All three corn rootworm species are native to North America, though much of the range expansion for western and northern corn rootworm occurred with the increase in monoculture corn production in the late 1900s.
The origin of western corn rootworm has been traced to Guatemala in Central America, where they were pests of corn for thousands of years. It has been in the western Great Plains since the late 1800s but was not considered a pest until it caused noticeable damage to corn in Colorado in 1909. By the 1940s it was causing significant damage to corn in Nebraska and quickly expanded its range to the east coast by the 1980s. In addition, western corn rootworm has infested at least 20 European counties.
Northern corn rootworm likely originated in the Great Plains or the north-central portion of the United States. It was first found feeding on corn in Illinois and Missouri in the late 1800s, and prior to that time it was grouped with another species. By 1955, northern corn rootworm was found throughout the Corn Belt. Within a few decades, the species expanded its range eastward to New York and north into eastern Canada. Presently, northern corn rootworm can be found in all areas north and east of Kansas and Nebraska.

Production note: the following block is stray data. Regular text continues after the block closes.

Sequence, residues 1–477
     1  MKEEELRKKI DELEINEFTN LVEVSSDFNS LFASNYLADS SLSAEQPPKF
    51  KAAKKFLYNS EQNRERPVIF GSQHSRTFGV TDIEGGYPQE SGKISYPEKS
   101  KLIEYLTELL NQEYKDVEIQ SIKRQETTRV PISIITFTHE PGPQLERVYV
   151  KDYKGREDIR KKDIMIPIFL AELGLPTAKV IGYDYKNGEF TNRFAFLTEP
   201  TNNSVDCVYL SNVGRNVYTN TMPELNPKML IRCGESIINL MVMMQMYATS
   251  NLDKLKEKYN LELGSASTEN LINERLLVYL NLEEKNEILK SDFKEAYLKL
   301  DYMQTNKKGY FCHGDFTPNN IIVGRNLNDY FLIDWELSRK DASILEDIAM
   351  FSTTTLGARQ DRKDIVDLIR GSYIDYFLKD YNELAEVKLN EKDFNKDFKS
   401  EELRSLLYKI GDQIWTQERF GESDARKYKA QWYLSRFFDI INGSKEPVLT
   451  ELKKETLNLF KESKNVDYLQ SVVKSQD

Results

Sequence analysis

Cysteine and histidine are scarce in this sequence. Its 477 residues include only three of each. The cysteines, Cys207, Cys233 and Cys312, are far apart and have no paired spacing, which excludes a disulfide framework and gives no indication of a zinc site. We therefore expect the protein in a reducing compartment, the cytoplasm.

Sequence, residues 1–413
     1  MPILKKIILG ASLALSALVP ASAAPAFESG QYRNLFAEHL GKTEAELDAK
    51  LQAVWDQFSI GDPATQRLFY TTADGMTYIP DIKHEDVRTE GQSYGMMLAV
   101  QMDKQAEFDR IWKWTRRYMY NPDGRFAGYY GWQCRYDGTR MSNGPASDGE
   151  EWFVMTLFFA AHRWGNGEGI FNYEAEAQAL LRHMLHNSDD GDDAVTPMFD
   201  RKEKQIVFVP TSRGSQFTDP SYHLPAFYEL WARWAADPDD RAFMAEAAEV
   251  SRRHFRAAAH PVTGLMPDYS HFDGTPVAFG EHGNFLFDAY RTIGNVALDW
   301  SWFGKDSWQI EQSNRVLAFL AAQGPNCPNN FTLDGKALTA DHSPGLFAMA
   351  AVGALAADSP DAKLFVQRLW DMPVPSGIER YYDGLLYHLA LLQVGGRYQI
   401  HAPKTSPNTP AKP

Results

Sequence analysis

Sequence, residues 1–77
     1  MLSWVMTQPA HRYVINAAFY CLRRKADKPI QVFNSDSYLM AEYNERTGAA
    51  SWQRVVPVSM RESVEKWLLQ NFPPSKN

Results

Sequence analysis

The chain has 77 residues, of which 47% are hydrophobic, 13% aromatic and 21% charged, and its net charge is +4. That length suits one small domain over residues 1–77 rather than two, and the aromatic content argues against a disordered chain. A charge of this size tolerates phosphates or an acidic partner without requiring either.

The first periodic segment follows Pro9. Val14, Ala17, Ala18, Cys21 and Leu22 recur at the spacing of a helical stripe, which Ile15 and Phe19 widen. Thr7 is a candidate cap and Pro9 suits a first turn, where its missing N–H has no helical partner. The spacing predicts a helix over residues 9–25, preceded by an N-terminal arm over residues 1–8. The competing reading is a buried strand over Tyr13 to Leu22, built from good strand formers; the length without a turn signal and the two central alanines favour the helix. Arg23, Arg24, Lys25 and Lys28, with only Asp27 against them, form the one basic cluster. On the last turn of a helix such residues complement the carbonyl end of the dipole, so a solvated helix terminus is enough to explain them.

The first injury to corn by southern corn rootworm was reported in 1828. Southern corn rootworm is primarily found in states east of the Rocky Mountains and in Canada and Mexico.